Shakespeare gets a digital make-over for Instagram generation

Shakespeare has been given a digital makeover, in an effort to encourage the Instagram generation to attach with arguably the world’s biggest playwright.

New analysis from the digital expertise firm, Adobe, has revealed 77% of 11-18 years olds battle to know William Shakespeare’s performs due to the “challenging” language used.

A painting of William Shakespeare from The Shakespeare Birthplace Trust
Image: A portray of William Shakespeare from The Shakespeare Birthplace Trust

42% don’t perceive how learning his work will assist them get a job sooner or later – whereas 29% mentioned modern-day interpretations of his performs would assist them perceive them.

As a results of the ballot, The Royal Shakespeare Company (RSC) has teamed up with Adobe to attempt to encourage extra younger folks to have interaction with the Bard’s work.

This is photographer and conceptual artist Darryll Jones' interpretation of Romeo and Juliet. Pic: Darryll Jones
Image: This is photographer and conceptual artist Darryll Jones’ interpretation of Romeo and Juliet. Pic: Darryll Jones

Five UK artists, illustrators, graphic designers and photographers have been commissioned to reimagine iconic scenes from probably the most studied performs by Shakespeare, together with the long-lasting balcony scene from Romeo and Juliet.

Director of Education on the RSC, Jacqui O’Hanlon oversaw the challenge to make sure the scenes stayed true to the unique which means of the textual content.

She informed Sky News that learning the work, which was written centuries in the past, is vital.

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Image: Fantasy photographer Rosie Hardy put her twist on A Midsummer Night’s Dream. Pic: Rosie Hardy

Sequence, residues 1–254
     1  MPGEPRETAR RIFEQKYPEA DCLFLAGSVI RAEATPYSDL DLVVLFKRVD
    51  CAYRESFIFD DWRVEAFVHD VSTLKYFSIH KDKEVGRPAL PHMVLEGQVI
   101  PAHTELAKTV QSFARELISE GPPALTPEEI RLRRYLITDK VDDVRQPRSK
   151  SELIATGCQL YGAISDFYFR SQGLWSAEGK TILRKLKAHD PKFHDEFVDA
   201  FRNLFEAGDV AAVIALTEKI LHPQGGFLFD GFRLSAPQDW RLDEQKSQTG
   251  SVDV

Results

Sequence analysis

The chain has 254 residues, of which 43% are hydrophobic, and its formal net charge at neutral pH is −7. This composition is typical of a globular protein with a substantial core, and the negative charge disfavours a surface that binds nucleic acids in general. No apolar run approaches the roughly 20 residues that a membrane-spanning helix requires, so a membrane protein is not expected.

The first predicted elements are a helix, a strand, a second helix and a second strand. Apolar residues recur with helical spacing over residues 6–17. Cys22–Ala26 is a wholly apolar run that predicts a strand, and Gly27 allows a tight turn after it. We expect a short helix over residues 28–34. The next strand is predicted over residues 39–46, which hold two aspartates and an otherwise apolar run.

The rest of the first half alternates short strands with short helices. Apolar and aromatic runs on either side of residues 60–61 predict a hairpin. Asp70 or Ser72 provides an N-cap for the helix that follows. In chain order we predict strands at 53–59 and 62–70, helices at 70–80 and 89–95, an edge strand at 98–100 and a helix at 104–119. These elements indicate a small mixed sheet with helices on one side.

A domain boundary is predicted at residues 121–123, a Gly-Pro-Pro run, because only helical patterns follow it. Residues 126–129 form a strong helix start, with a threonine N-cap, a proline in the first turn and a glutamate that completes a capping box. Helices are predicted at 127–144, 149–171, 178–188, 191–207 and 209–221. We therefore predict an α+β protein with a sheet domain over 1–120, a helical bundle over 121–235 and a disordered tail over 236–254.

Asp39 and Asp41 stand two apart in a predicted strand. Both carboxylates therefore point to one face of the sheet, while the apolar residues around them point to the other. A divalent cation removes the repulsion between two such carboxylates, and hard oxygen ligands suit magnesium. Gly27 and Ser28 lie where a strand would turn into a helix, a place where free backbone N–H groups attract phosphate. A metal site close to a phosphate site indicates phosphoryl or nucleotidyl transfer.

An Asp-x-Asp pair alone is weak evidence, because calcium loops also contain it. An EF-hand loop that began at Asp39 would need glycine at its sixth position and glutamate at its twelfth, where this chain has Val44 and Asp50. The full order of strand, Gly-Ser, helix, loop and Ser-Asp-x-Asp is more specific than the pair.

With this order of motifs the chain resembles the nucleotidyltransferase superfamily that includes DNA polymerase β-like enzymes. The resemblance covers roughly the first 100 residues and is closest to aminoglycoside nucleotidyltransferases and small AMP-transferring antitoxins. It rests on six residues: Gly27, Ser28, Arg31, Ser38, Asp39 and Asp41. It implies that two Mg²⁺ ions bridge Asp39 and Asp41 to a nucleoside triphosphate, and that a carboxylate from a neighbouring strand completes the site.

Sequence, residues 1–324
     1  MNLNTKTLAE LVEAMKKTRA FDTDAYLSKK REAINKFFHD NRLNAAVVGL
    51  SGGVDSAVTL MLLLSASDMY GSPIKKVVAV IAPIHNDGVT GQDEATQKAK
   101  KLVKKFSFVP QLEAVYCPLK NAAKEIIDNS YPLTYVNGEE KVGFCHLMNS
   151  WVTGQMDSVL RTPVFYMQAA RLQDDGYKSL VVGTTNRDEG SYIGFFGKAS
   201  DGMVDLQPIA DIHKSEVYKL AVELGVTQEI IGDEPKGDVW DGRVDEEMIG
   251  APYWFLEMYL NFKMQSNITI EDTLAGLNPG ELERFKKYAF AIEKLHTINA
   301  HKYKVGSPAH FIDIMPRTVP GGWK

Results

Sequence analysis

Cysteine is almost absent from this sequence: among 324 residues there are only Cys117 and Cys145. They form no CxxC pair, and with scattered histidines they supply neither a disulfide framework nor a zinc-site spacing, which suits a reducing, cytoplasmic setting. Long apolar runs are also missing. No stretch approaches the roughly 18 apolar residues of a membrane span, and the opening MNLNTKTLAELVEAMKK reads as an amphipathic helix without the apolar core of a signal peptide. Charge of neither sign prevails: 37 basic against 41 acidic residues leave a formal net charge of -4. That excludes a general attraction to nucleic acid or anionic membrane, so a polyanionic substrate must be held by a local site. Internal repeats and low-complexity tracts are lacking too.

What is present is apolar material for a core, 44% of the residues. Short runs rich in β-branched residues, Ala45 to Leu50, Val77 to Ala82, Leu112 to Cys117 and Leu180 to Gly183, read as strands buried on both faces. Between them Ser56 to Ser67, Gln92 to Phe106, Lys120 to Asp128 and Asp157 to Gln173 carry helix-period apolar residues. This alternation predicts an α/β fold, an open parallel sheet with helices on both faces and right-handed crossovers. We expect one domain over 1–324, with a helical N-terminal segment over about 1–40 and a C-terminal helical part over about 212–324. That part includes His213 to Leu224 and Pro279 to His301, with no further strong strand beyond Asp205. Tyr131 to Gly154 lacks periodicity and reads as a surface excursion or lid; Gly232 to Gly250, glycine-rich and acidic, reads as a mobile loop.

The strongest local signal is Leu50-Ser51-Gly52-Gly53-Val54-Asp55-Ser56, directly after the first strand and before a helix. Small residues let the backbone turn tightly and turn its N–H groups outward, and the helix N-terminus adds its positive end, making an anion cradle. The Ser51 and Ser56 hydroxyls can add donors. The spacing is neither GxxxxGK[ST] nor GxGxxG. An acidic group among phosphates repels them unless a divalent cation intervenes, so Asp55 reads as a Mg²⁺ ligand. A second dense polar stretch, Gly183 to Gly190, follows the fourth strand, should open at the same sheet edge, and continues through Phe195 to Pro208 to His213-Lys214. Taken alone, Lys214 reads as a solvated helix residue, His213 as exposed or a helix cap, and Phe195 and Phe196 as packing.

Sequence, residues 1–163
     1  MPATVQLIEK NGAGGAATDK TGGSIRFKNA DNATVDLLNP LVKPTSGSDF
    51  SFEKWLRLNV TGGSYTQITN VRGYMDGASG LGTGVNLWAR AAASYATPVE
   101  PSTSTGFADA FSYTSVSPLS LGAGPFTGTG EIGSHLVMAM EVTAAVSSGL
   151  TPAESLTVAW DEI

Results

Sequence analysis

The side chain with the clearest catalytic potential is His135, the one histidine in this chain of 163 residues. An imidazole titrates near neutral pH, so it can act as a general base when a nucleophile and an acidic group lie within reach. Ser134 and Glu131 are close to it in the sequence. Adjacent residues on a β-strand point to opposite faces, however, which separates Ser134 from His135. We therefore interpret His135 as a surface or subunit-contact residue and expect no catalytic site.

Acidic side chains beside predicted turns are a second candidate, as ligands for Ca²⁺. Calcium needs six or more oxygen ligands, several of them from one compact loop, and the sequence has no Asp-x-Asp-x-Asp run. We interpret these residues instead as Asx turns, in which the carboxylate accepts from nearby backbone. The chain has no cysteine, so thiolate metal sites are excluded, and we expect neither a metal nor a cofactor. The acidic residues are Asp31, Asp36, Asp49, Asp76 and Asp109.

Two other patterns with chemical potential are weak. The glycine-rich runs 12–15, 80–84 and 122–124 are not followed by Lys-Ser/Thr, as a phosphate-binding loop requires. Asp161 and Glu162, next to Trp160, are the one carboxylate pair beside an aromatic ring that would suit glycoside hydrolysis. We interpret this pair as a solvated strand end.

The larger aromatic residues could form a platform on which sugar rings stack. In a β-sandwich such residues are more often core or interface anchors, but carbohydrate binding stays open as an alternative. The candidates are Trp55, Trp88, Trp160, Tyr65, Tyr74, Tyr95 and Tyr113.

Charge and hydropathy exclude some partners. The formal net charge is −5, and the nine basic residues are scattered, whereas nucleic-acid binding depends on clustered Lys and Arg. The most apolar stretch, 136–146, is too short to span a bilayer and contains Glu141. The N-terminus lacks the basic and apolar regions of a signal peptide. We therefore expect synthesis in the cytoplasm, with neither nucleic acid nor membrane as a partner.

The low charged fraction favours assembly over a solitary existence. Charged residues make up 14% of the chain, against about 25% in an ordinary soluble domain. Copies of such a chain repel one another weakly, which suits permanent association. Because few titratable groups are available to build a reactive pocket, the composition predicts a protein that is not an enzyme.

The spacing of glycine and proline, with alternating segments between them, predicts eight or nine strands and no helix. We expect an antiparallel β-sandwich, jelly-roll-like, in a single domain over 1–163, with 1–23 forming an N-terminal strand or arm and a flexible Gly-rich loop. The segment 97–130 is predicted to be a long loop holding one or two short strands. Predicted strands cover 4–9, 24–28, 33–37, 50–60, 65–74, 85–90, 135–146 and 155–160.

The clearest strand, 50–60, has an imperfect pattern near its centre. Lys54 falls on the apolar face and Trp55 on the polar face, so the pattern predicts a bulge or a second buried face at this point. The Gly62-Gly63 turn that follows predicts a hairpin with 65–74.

She mentioned: “The most brilliant thing about Shakespeare’s work is that like any great work of art, it speaks about us and our relationships and the world we live in so it always feels very contemporary”.

Ms O’Hanlon added that college students discover the performs “incredibly relevant to their own lives” – after they put them within the function of actors and administrators the place they’re “exploring the interpretive choices of the text”.

Jack Teagle created a design inspired by Shakespeare's Macbeth. Pic: Jack Teagle
Image: Jack Teagle created a design impressed by Shakespeare’s Macbeth. Pic: Jack Teagle

She mentioned the challenge makes the which means of the texts much more seen to college students and mirrors what they do on the RSC.

“What we’re doing with Adobe is what we do right here on the theatre firm, which is each time a play goes into a rehearsal room – we’re reimagining it.

This picture is based on Romeo and Juliet meeting in a 'funky cafe'. Pic: Octavia Bromell
Image: This image is predicated on Romeo and Juliet assembly in a ‘funky cafe’. Pic: Octavia Bromell

“It was written 400 years ago but we’re always asking what does it mean to us now? It’s all part of wider efforts to encourage creative education and arts access for young people.”

O’Hanlon mentioned that “the creative industries” – of which the humanities and cultural sectors is a half – “is one of the fastest growing industries in the UK and yet we aren’t valuing that as a career path for young people”.

She continued: “What young people tell us is, whilst they understand the real value of studying arts subjects, the message they are getting, from sometimes families, the university sector, the outside world – is that those subjects don’t matter and they feel very confused about that”.

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